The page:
In the meantime, the Democratic-controlled House on Sept. 24 voted 218–211 to pass the broad abortion access bill, the Women’s Health Protection Act. One Democrat, Rep. Henry Cuellar (D-Texas) opposed the abortion bill.

Sen. Susan Collins (R-Maine), a moderate who supports a woman’s right to choose, has said she opposes the recent abortion legislation because it weakens exceptions provided to health care providers who refused to perform abortions on moral or religious grounds.

Rep. Judy Chu (D-Calif.), the sponsor of the Democrats’ abortion bill, said her bill is countering laws like the one in Texas.

“But anti-abortion extremists have been working ever since the passage of Roe v. Wade to put abortion services out of reach for as many Americans as possible. Texas’s SB8 is just the latest example. The Texas law is egregious and downright chilling. It deputizes vigilantes to harass anyone helping someone obtain an abortion,” said Chu.

Under the new abortion bill, “Women’s Health Protection Act of 2021,” a woman can receive abortion services without certain limitations or requirements: no “specific tests” or “medical procedures in connection with the provision of abortion services,” no “medically inaccurate information” before an abortion, no limit on providers ability to prescribe or give drugs, no medically unnecessary visits to a provider or other entity, and no requirement to disclose reasons for seeking abortion services before viability of the fetus.

Opponents of the broad abortion bill have objections to the lack of consideration for the infant’s rights. Chu’s bill states that a woman can get an abortion at any point “prior to fetal viability, including a prohibition or restriction on a particular abortion procedure” and that abortion is allowed even “after fetal viability when, in the good-faith medical judgment of the treating health care provider assesses that continuation of the pregnancy would pose a risk to the pregnant patient’s life or health.”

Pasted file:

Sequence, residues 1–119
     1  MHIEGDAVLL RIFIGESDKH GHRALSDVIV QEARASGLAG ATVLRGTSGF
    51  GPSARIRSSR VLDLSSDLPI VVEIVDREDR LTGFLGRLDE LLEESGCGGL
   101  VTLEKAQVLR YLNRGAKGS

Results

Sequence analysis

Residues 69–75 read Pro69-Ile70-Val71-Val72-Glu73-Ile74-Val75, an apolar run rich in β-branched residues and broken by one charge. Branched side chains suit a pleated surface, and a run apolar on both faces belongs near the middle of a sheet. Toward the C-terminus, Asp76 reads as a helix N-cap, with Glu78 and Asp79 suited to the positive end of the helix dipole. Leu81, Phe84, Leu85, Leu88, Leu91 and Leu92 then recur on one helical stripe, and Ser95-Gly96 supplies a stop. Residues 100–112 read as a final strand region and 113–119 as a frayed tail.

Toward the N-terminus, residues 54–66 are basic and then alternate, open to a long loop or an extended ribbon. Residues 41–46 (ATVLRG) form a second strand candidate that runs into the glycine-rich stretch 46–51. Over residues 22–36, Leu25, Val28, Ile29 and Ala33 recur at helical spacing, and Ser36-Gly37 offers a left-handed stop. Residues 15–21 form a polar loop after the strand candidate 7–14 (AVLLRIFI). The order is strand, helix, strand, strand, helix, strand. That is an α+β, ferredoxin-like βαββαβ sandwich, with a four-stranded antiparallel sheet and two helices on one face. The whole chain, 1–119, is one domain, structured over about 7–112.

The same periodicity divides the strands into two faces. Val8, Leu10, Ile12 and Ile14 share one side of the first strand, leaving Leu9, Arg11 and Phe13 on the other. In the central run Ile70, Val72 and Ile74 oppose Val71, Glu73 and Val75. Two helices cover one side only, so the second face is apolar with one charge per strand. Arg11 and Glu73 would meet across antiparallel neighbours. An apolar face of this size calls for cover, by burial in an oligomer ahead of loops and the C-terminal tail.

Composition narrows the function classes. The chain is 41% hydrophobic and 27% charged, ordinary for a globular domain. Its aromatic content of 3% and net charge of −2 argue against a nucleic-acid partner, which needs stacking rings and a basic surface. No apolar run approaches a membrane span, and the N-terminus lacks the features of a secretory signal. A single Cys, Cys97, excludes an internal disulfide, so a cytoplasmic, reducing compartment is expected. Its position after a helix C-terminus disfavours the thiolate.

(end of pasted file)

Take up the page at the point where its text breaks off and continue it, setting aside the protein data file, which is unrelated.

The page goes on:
Epoch Times Photo
Pro-choice demonstrators wave signs in front of the U.S. Supreme Court as it prepares to take up an abortion case, in Washington on Nov. 30, 2005. (Karen Bleier/AFP via Getty Images)

One of two pro-life witnesses at Thursday’s hearing, Dr. Ingrid Skop, a Texas-based OB/GYN, told the committee that science has advanced since Roe v. Wade, and lawmakers should take new findings into consideration when passing abortion laws to consider the life of the baby.

“We have created a class of humans considered unworthy of life on their own merits, valuable only if someone else desires them. This is the definition of genocide. We need to re-examine this as a scientific and human rights issue, not through the lens of political partisanship or social engineering,” said Dr. Skop.

The Democrats’ abortion bill will now move to the Senate, and Maloney called on the upper chamber to expand abortion access. “I call on the Senate to meet the moment, and immediately pass this critical bill,” said Maloney.

Masooma Haq